The 10 Best Fishing Knots for Leader & Terminal Connections

The 10 Best Fishing Knots for Leader & Terminal Connections

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First, let?s address the elephant in the room.

This is how the word ?best? is defined by the Cambridge English Dictionary.

?of the highest quality, or being the most suitable, pleasing, or effective type of thing or person?

For me, and for the purpose of clarity in this article, we will take ?best? to mean a combination of factors based on the definition of the term. Specifically, this will refer to a given knot?s quality as being:

  • suitable to a given fishing application
  • pleasing insomuch that it is clear or easy to tie
  • effective, in terms of tensile strength and durability.


Terminal Connections

1 Palomar Knot2 Jansik Knot3 San Diego Jam Knot4 Snell Knot5 Double-Palomar (Trilene Knot)6 Rapala Loop Knot

Leader Connections

7 Page Rankin Bobbin8 GT Knot9 FG Knot10 Improved Double-Uni Knot

For visual aids in learning how to tie many knots, check out the link below. It is one of my favourites. You should wet all of your lines with fresh water when tying your knots, so that the knot does not fail and is formed and secured properly.


Animated Knots is the world’s leading site for learning how to tie knots of any kind. From Boating Knots, Fishing Knots?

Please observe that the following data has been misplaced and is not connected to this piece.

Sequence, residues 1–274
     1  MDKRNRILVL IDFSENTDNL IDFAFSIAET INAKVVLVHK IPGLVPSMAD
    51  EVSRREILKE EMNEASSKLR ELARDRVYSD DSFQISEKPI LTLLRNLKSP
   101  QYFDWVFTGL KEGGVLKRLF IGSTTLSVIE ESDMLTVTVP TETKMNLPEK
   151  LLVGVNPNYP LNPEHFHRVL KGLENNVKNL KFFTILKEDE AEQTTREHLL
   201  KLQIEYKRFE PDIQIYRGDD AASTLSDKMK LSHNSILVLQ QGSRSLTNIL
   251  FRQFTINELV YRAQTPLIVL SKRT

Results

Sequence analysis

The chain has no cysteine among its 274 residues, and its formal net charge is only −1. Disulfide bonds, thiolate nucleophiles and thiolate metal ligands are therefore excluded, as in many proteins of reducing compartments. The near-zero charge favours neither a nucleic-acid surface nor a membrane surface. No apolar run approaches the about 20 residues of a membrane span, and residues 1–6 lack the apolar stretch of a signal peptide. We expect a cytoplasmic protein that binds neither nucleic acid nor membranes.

Terminal Connections

  1. Palomar Knot

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Suitable for just about all types of fishing applications and fishing lines; I tie a palomar knot more often than any other knot for terminal connections; You can cut the tag short, it does not slip. Most of my personal best catches have been caught with a palomar knot. It is one of the most durable, rugged, and effective knots in existence and has never failed me. Many consider the palomar knot, in terms of effectiveness, to be the holy grail of knots for terminal connections.

In my opinion, the palomar knot has three critical disadvantages. The first is that it requires you to stretch the loop over the terminal end, which is cumbersome, especially if your terminal end is connected to a long leader or big lure. The second is that it requires a doubling of the fishing line to pass through the eye of the hook, which can be impossible in some situations depending on your tackle, causing you to attach additional tackle in order to use it, such as a split ring. The third is that it can be cumbersome tying with very thick or heavy monofilament or fluorocarbon line.

The key to tying the palomar knot correctly is making sure that A) you wet the line, B) the double lines don?t overlap each other and C) that the trailing loop end is set above the initial knot (pictured in #2) as opposed to below it, over the eye of the hook.

Ross Myers introduced me to this knot.

2. Jansik Special Knot

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The Jansik Special Knot is suitable for just about all types of fishing applications and fishing lines; I most often tie it when I am using light leader, and want to tie the beginning of my terminal end to a barrel swivel. Like the palomar knot, it is rumoured to be extremely strong, effective, and revered by certain anglers as being the best knot for terminal connections that there is. It is extremely simple to tie, very effective, and holds up well with just about all types of fishing line.